I belong to the technology riddled Generation Y, or, if you prefer it, the millennials. I feel fortunate to have grown alongside the ‘internet era’, to be a part of the generation that takes comfort in the ease that emerging technologies and mass media provide. While I am not extremely affected by them, I do possess a certain fluency in them.
At a time when there is a great flood of information that we receive from the internet, and social media dominating our lives, the effects of popular culture and the mass media cannot be denied. In this context, is there a greater need for the masses to be well-versed in media education?
To put it in layman’s terms, as Dr Kh Khabi, the head of Rajiv Gandhi University’s (RGU) mass communication department, states, “Media education is an everyday process by which people become aware of the ways in which various media influence their thinking, affect their value system, and change society.” I write this piece against this backdrop, in order to look at a few scenarios where media education is crucial.
How often have you heard someone remark in woeful tones that the current generation of the tribal society is forgetting their culture? The fear of loss of culture is a very prevalent matter today. As Dr Khabi states, “Media itself is responsible for the loss of culture because it is the engine of globalization.”
Perhaps the phenomenon of globalization, fuelled by the already changing views on the cultural landscape, is responsible for the wave of concern emanating from the society. Cultural change is upon us like a tsunami approaching the shore, ready to engulf the entire population and erase all the memories that we hold dear. And when the waves retreat, all we can find is the debris of what was once a rich and vibrant culture.
Change itself is not a problem, but the death of an entire culture is. As Ashish, a professor of the department points out: “Media research, theories and communication subjects help you understand the cultural context of such changes. Academicians of the local community, learned in the field of fact-finding and research, can actually guide us through their knowledge.” In this context, media education can actually be of great help, he opined.
The month of February was a perilous time for the state. The state saw conflict and the situation turned violent. Perhaps it is even more important in times of crises, or when the society is at a crossroads, that we need conscientious and correct media education.
The local media are an integral and recognized part of the society. One should not forget that journalism and other forms of media can escalate conflicts, but their influence also demonstrates their potential for positive purposes.
Dr Khabi states, “It is especially important in a volatile and conflict-prone region like Northeast India that the need for good conflict journalism and media education arises. Better still, we call it ‘peace journalism’, which is very much necessary for the prosperity of the state.”
The steps towards ensuring the wellbeing of the state are incomplete without mentioning the scopes in the tourism sector. The USP of our state lies in its tourism potential. Recent months have seen reports in the media on how the government is making sincere efforts in promoting the tourism sector. As such, it is pertinent to mention the role the youths of the near future can play in this process. One underlying component is the use of media technologies as a tool to arm the youths in bringing about positive changes in the society.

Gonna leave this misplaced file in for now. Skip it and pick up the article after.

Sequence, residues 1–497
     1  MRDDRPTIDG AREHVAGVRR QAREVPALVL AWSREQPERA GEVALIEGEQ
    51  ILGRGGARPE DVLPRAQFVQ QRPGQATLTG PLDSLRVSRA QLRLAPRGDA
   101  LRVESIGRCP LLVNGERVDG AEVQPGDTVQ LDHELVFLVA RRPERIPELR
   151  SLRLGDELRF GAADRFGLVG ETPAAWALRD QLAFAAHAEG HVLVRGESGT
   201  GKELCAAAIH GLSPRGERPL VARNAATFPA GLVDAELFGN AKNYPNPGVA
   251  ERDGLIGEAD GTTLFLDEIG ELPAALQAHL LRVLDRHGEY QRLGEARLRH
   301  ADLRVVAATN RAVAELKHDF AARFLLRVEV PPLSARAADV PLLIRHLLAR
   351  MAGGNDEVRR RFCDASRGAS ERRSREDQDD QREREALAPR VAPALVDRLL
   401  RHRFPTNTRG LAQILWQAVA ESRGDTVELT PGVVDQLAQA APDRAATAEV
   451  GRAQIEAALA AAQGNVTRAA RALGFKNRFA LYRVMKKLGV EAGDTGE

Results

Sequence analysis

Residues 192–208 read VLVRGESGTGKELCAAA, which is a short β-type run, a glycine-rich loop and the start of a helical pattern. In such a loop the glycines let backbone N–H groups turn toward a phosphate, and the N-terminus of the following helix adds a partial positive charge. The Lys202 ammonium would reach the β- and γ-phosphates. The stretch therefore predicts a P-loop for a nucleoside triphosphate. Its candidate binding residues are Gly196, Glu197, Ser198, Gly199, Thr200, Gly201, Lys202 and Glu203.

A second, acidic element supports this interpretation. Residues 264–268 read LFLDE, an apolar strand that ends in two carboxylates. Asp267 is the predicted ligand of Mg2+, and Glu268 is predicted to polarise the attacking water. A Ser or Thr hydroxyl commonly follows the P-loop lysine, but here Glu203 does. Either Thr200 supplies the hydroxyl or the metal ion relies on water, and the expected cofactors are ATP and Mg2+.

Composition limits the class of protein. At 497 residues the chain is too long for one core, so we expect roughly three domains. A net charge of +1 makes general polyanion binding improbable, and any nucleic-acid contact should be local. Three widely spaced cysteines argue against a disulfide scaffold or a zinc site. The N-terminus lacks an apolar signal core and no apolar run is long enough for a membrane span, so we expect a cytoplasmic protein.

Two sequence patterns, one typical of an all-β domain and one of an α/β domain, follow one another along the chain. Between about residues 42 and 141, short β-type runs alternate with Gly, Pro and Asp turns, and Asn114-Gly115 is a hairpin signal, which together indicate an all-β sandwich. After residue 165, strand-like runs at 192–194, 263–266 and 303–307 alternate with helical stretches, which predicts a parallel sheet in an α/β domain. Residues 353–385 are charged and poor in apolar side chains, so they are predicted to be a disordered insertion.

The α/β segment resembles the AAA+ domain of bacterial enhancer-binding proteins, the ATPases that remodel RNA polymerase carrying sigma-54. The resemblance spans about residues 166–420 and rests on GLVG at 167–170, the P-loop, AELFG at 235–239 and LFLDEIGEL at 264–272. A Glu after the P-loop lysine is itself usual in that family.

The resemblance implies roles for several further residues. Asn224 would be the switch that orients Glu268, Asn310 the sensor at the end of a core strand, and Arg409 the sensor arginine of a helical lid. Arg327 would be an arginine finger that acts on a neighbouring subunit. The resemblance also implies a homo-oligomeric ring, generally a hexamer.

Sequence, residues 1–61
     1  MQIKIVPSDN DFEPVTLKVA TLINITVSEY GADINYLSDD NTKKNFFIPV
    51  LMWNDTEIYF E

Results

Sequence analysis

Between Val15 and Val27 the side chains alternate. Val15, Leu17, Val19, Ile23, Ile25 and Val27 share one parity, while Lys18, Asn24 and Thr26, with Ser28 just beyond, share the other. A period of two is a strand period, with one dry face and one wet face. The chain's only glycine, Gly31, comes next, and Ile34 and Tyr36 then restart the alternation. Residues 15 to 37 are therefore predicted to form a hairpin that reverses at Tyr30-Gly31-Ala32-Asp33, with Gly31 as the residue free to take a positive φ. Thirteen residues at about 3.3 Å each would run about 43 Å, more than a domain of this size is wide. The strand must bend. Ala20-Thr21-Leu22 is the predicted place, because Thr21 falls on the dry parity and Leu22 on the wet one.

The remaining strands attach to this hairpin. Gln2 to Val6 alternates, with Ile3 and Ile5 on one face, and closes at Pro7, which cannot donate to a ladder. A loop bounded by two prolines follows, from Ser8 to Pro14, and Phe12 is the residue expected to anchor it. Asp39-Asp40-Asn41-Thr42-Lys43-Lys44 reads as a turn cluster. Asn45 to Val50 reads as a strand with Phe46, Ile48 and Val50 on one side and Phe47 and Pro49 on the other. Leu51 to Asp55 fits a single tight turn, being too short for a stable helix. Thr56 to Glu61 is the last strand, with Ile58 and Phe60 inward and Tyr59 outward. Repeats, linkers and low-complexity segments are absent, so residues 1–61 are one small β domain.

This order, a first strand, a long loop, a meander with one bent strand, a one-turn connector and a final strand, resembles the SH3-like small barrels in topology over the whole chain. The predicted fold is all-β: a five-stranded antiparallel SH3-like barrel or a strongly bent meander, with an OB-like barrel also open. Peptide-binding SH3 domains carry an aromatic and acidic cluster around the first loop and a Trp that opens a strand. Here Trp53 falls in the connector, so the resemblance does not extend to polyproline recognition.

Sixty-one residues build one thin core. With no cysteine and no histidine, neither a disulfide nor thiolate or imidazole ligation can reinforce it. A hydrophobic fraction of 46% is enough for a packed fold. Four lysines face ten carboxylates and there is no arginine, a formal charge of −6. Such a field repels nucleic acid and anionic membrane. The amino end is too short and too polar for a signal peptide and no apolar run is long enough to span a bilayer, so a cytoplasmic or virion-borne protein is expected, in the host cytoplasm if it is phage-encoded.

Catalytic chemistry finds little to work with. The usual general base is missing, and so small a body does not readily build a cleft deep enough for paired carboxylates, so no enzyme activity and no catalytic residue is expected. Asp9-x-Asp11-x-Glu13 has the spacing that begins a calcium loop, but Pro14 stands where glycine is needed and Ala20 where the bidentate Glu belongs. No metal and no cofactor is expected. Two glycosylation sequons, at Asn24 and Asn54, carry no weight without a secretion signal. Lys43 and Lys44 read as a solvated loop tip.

The most important role falls on the educators and the education system if there is to be a serious turnaround in the future, and media education can facilitate this growth. All over the world, there is a growing need that media education be included in the school curricula. Australia is the first country where media education has been introduced into the curriculum as a mandatory subject from kindergarten through to the 12th grade. In Asia, the Philippines is the first country to integrate media education into the formal school curriculum.
The United Nations Convention on the Rights of the Child recognizes the importance of media in the development of children and in soliciting the youths’ views on matters that affect them.
Citing the importance thus placed on media education, Dr Khabi expressed a similar opinion. In an attempt to offer the basics of media literacy, a media campaign by the students of RGU, under Dr Khabi’s mentorship, was also organized at various schools of the state.
Only schools can turn information into knowledge. Teaching to read, interpret, analyze and evaluate messages broadcast by the media is a task that, for many students, only the educational system can handle.
When we speak about media education in the state, it is pertinent to mention the RGU’s mass communication department. It is the sole institute in the state for higher media studies. The department has successful media persons among its alumni, but is the curriculum at par with the changing times?
If you take a good look around you, you will definitely find a number of people who are immensely blessed with talent but have no space to improve on them, that is, to a level where they can make a proper career out of it.
”The ground reality is that the youths really aren’t aware of the opportunities that taking up a mass communication course can bring,” says Dr Khabi. “One way to get the people interested would be if the government took greater interest in the professional graduates of mass communication. If professional graduates are brought into various departments of the state that need individuals of their skill-set, the departments can have a facelift and the state can develop.” (Lijo Karlo is the winner of The Arunachal Times’ media scholarship in the postgraduate category.)